Courses Taught

Courses Taught

Courses Taught

MTSC-6130G - Surface Science and Catalysis

MTSC-6130 is a course based on select topics from the recent primary literature. It covers the fundamental science required to understand the atomic and electronic structure of surfaces and their chemical reactivity as well as the most common tools for surface characterization.
Fall 2018
Briefly, the course includes basics of solid-state surface chemistry (including Miller Indices); surface functionalization that covers (but is not limited to) self-assembly of thiols and carbenes on gold, siloxanes at hydrophilic surfaces, molecular organic frameworks (MOFs), and surface-enhanced materials, first of all, inorganic support - organic or organometallic polymer composites. We pay attention to practical applications of surface chemistry for the design of functional materials (including sensors, electrochromic, thermochromic photo- and electroluminescent materials and self-healing materials) and for the design of heterogeneous catalysts.

CHEM-4610U/MTSC-6020G - Advances in Inorganic Chemistry /Advanced Topics in Material Science
Fall 2017
This is a seminar course based on selected topics from the recent primary literature. The topics included for discussion in this course will focus on the electronic, mechanical and chemical properties of extended structures (amorphous, crystalline and hybrid solids, nanosurfaces). Special attention will be given to novel inorganic /organometallic structures with extended properties/ functionalities from primer literature.

CHEM-42020.201609-MTSC-6140G - Experimental Techniques in Materials Characterization
Winter 2017

CHEM 3520U - Inorganic Chemistry II: Organometallics
Winter 2015
Organometallic chemistry and metal catalysis of the transition metals. Survey of organometallic complexes including, but not limited to, metal carbonyls and carbonyl clusters, metal (alkyls, alkenes, alkynes, allyls, and aryls) and metallocenes. Structure, bonding and MO diagrams, use of group theory. IR and group theory predictions, fluxional molecular motions, and characterization by NMR spectroscopy. Synthesis and reactions of carbonyl, alkene, and aryl complexes. Detailed coverage of homogeneous and heterogeneous metal catalysis and applications in industrial processes. 3 cr, 3 lec, 4 lab. Students are strongly recommended to take CHEM 3510U prior to taking this course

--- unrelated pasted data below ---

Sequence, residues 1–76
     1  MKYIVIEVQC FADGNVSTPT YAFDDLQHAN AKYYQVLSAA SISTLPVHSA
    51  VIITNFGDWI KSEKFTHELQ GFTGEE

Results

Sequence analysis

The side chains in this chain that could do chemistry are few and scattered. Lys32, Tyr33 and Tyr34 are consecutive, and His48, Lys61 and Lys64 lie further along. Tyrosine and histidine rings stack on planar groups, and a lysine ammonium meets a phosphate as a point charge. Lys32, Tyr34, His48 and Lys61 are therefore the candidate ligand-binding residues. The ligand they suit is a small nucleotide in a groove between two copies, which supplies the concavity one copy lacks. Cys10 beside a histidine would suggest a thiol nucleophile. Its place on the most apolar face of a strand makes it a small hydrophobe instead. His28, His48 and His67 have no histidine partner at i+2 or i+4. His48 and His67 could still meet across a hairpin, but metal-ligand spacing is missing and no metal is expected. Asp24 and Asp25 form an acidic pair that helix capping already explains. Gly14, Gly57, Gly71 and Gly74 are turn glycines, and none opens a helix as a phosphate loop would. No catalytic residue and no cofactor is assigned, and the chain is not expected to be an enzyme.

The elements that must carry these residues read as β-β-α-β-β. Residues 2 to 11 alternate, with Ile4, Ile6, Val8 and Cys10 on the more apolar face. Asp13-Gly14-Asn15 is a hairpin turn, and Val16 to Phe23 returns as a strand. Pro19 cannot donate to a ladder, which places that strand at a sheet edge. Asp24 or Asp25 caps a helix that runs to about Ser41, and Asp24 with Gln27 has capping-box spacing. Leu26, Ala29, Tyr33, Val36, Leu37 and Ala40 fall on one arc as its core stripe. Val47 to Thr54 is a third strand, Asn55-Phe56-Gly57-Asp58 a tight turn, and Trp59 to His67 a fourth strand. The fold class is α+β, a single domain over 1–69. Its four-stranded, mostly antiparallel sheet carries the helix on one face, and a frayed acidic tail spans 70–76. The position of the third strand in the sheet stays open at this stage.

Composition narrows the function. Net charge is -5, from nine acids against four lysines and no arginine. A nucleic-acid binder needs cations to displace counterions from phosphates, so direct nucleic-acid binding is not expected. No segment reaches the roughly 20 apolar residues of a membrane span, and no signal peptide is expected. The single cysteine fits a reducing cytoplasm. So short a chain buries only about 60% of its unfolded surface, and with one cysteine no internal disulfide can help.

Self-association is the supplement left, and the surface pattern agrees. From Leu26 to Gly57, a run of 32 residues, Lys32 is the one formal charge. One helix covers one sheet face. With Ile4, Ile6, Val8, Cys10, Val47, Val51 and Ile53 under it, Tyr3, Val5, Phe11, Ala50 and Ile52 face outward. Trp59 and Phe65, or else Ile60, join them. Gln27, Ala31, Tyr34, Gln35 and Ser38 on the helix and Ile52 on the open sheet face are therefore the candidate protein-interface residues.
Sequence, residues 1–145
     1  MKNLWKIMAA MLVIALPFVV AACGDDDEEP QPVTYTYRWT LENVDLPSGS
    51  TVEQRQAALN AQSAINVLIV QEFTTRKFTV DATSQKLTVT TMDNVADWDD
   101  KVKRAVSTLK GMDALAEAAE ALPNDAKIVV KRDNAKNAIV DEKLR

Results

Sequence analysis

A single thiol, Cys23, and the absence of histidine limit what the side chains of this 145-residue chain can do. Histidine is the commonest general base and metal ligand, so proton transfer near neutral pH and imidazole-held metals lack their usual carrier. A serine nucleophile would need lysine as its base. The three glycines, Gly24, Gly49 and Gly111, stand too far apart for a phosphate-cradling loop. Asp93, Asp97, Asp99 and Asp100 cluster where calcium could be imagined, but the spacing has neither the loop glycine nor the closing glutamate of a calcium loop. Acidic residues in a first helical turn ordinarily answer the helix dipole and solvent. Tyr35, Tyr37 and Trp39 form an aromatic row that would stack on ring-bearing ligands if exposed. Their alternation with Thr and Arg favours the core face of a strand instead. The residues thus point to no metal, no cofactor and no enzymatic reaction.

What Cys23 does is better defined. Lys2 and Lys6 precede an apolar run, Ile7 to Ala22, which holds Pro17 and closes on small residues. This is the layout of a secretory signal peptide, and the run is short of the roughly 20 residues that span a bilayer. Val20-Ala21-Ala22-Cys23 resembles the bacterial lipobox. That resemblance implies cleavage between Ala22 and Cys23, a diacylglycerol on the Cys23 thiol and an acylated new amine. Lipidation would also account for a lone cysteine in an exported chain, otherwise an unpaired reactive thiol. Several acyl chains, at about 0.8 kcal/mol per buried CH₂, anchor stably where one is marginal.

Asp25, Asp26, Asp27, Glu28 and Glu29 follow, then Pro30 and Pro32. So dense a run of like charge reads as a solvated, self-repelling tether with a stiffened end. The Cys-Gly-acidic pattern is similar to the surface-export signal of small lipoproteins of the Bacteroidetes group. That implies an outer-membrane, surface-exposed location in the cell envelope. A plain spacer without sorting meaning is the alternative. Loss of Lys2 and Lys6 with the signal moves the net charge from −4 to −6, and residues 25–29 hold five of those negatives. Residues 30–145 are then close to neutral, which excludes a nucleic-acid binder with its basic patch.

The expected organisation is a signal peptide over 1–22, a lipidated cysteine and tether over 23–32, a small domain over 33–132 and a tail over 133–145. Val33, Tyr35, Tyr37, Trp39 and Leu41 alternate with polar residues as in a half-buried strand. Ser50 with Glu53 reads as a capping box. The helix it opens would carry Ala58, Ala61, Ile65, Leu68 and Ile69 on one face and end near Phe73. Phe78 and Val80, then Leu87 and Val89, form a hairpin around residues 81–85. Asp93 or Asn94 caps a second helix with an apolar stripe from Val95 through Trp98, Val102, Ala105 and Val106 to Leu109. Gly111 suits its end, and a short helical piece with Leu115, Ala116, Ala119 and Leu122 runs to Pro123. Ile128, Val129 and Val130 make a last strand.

6020H: Advanced Topics in Materials Science
Winter 2015
This is a seminar course for Trent University and UOIT graduate students. It is based on select topics in materials science from the recent primary literature.

CHEM 3510U - Inorganic Chemistry I : Transition Metals
Fall 2014
This is a course in the coordination chemistry of the classical (Werner) transition metal ions. Description of the solid state including close packing, lattice structures, radius rule, lattice energies, MO’s, and semiconductor applications.
Description of the solution state including Lewis acid-base theory, HSAB theory, aquo ion Bronsted acidity, ligand exchange kinetics, formation constants, thermodynamics, and chelate effect. Ligand field theory including crystal field splittings, MO diagrams and use of group theory, theoretical principles of UV-visible spectroscopy, Orgel and Tanabe-Sugano diagrams, magnetism and redox. Descriptive chemistry of the first row transition metal ions including oxidation states, complexation behaviour, and bio-organic examples. 3 cr, 3 lec, 4 lab.

Courses Taught

Foundations of Chemistry and Technology of Surface-active Materials
Laboratory sessions